She nodded her head, encouraging me.
“Take your time, honey.”
She released me with a small shove.
I penetrated deeper into the jumble of skin. My own skin sweat underneath cloak and skirts, stockings and scarves. The old yearnings stirred: the pleasure of forgiving polyester Ponte and creamy cookie-scented concealer, the satisfying starvation jags. And the pride of winning the approving gaze. But also, my final arrest at the Holt Renfrew cosmetics counter which tipped off the discovery of the warehouse full of counterfeits, the vials, the boxes of Botox. My whole network imploded. Neither my associates nor those whose bodies depended on me wanted to know me. I was alone again, until the Society accepted me.
I pushed aside the dancing bodies that blocked my path and there she sat at a table next to the bar. The red silk veil covered her head, a remnant of her past with that bastard, the Rake.
Safely shrouded, I sat in the opposite chair. But she didn’t move. I drew my mouth close to her veil.
“I have come to seek your wisdom.”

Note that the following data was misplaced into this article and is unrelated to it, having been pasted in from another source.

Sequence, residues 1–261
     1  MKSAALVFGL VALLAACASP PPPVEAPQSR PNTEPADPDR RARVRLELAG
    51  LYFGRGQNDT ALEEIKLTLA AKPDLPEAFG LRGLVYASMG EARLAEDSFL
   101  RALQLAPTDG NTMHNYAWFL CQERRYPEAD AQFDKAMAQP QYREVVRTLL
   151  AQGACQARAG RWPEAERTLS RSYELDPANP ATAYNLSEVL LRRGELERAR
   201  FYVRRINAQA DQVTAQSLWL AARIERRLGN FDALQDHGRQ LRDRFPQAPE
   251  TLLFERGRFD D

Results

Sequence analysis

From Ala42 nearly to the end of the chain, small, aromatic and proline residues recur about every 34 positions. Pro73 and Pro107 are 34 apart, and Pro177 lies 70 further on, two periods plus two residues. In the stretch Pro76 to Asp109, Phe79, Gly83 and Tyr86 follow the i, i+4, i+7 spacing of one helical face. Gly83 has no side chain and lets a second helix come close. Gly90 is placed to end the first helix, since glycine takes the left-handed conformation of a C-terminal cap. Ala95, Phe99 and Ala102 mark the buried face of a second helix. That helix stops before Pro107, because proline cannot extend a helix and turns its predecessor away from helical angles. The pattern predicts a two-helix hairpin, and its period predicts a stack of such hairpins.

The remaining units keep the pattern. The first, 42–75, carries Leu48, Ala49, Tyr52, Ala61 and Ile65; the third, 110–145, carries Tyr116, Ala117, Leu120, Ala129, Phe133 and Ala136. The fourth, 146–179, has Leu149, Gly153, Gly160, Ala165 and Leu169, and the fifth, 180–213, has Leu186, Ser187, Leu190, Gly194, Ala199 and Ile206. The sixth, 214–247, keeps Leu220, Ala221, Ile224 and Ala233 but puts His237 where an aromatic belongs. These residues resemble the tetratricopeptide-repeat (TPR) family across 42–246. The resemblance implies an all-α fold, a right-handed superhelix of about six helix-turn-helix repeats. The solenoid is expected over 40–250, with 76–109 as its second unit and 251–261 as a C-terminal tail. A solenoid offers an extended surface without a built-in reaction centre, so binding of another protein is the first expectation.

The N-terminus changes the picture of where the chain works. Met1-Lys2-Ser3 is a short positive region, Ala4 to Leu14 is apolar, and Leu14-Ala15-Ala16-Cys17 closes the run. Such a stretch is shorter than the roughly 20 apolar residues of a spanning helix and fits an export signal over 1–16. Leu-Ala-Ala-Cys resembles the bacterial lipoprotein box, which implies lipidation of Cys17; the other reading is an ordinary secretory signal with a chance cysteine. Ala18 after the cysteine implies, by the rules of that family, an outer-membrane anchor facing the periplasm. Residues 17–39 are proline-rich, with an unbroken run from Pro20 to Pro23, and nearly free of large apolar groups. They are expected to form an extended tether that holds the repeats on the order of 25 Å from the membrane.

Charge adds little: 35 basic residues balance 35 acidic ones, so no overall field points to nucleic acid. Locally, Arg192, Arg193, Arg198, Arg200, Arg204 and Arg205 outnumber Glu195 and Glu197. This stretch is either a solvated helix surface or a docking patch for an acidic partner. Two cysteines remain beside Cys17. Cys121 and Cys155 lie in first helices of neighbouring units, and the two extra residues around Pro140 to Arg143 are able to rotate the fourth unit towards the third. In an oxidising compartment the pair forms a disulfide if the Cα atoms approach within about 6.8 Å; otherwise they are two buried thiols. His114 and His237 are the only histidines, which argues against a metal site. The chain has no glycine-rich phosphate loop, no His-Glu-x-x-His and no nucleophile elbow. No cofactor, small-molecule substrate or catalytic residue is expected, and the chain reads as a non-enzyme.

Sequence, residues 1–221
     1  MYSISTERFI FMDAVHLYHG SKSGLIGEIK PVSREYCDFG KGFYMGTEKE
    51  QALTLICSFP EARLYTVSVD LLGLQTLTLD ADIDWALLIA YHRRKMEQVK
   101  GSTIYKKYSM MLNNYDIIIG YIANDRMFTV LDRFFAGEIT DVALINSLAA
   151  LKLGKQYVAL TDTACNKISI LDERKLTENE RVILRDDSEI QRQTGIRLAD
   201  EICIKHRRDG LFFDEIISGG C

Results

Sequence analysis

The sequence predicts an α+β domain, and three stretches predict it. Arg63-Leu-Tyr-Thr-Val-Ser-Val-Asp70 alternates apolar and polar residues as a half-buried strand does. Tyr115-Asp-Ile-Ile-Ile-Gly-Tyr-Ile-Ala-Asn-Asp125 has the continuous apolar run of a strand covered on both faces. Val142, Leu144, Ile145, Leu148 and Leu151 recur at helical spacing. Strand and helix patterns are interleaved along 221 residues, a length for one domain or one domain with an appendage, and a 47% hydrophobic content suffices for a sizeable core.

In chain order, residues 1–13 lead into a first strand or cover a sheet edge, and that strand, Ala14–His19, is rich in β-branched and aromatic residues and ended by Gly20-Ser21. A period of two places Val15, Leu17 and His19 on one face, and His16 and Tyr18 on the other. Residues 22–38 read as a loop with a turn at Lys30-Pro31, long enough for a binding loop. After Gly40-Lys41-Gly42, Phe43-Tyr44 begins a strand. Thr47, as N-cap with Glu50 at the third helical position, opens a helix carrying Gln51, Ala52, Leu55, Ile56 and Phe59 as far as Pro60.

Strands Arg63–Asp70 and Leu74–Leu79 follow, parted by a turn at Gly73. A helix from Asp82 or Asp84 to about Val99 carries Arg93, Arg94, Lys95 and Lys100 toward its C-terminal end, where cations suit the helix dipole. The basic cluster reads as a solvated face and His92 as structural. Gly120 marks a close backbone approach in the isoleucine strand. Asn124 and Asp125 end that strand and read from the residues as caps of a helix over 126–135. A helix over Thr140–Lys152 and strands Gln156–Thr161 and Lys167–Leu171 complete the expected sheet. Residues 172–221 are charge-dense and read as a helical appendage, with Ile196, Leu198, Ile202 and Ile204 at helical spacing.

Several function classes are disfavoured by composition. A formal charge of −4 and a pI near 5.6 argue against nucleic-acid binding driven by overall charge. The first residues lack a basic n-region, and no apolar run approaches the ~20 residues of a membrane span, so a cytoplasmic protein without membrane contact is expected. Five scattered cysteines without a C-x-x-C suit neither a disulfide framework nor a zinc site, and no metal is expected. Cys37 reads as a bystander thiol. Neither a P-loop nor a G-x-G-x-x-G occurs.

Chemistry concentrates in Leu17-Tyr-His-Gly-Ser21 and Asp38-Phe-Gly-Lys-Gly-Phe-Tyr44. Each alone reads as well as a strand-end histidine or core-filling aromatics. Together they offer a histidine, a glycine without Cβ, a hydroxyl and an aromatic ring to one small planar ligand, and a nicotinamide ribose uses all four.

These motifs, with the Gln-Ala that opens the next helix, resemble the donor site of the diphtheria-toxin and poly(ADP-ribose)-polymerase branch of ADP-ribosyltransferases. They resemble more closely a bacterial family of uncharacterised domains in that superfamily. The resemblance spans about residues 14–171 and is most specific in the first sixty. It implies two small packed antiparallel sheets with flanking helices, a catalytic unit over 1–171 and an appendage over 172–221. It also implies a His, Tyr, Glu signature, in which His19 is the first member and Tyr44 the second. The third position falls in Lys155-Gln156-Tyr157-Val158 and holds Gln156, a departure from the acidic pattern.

She remained immobile.
Her floor-length emerald gown and matching tasseled shawl shone in the pulsing lights. Dark moles with black hairs splattered across her décolletage. Her arms rippled with muscle and fat. She wore long white lace gloves, her hands folded on her lap. A very fine silver chain looped her wrist and then dropped to the floor where it locked onto the leg of her chair. My Teachers told me to rescue her if I had the opportunity. This chain would be easy to break if she was willing.
She was both elegant and monstrous. Next to her, the bodies of the Cabaret, scraped clean and emotionless, only paraded clinical nudity. I caught my reflection in the opposite wall’s mirror. How superior I was, and, like her, able to resist.
Then I remembered to take the coins out of my satchel and let them tinkle on the tabletop. But she didn’t move. A waiter wearing a loincloth appeared tableside. He took the coins and pointed to her veil.
The moment I slipped the veil off, she surged, animated, her face alight.
“I had this dress made for me during my Turkish days. The casinos in Vienna and Geneva would never admit anyone lesser dressed.”
She flashed her long jewel-handled knife that hung from a narrow gold belt.
“From when I used to be a Robber. I lost my daughter then. Such a head-strong girl. How I spoiled her! When that little Gerda arrived, my little love turned up her nose at our life as freedom-loving outlaws. I should have eaten that Gerda when I had the chance. But my little Robber Maiden would not hear of it.”
She clutched her breast and shook her head.
“It wasn’t good enough to live free in the forest, eating roasted hare and having all the animals in the forest to talk to. Including a reindeer. No. Instead she stole my golden carriage and ran away to the city.”